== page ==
It is an exciting time for brain research, and some of the world’s top minds have a new home to help propel new discoveries
On the eve of his 50th year as a brain researcher, Max Cynader has united some of the world’s top minds under one roof to unlock the mysteries of the human brain.
At the Djavad Mowafaghian Centre for Brain Health (DMCBH) officially opening today, researchers in neuroscience, neurology and psychiatry are joining forces with healthcare professionals and their patients – a unique marriage of research and clinical care that Cynader says will dramatically change the way brain disease and injury are studied and treated.
“We’re in a revolutionary time in brain research and both the challenge and the opportunity are massive and fantastic,” says Cynader, director of the DMCBH and Canada Research Chair in Brain Development. “Science is moving ahead at a spectacular rate with advances in imaging, genetics, and computing. Meanwhile, the societal need and interest in understanding how our brain works has never been greater.”
A partnership between UBC and Vancouver Coastal Health, the DMCBH is supported by provincial and federal governments and philanthropy, including a $15-million gift from the Djavad Mowafaghian Foundation. World-class research programs, coupled with state-of-the-art clinics and patient care facilities will address debilitating brain dysfunctions, including Multiple Sclerosis, Parkinson’s disease, Alzheimer’s disease and mood disorders.
The 13,709-square-metre building also houses research labs focused on concussion, stroke, addiction and healthy aging and serves as a venue for the education and training of hundreds of medical and graduate students.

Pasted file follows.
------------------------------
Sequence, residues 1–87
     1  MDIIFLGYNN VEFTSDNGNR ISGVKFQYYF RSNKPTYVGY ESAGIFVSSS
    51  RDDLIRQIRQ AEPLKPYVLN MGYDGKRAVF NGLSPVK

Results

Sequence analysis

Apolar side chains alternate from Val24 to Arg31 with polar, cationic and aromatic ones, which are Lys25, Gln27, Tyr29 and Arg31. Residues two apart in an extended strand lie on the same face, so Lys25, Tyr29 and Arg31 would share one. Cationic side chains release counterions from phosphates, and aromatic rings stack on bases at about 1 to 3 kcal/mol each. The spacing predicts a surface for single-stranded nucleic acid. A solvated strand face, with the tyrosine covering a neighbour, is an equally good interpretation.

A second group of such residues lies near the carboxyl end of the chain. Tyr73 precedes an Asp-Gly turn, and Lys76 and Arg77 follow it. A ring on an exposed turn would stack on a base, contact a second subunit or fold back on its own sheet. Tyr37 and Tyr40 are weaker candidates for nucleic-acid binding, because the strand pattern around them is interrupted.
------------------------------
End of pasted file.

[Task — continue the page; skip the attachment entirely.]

“We’re in a revolutionary time in brain research. Both the challenge and the opportunity are massive and fantastic.”
Brain dysfunction currently affects an estimated one in three Canadians. By 2020, brain disease will overtake heart disease and cancer as the leading cause of death and disability in Canada.
“The Centre for Brain Health is poised at the confluence of all these streams and it embodies all the things I believe are critical to the success of brain research, brain care and healthy aging for the next 50 years,” says Cynader.
Shedding light on adolescent concussions
“Our ideas about concussion have really changed,” says Naznin Virji-Babul, a physical therapist and neuroscientist who uses advanced imaging tools to peer into the impacts of concussion on the adolescent brain – long after the initial shock.
“We can now see structural changes in the brain two to three months after someone has had a concussion, including in areas that govern learning, emotional development and decision-making.”
What’s surprising, says Virji-Babul, who leads the Perception-Action Lab at DMCBH, is that while one would typically associate damage with decreased activity – in the case of a stroke, for example – the adolescent brain is showing increased activity after damage has occurred.
“There are two crucial periods where the brain undergoes an explosion of development – the first five years of life and during adolescence,” she says. “So is this increased activity indicative of the brain organizing itself to heal the damage, or is it causing some of the concussion symptoms, such as feeling foggy and distracted?”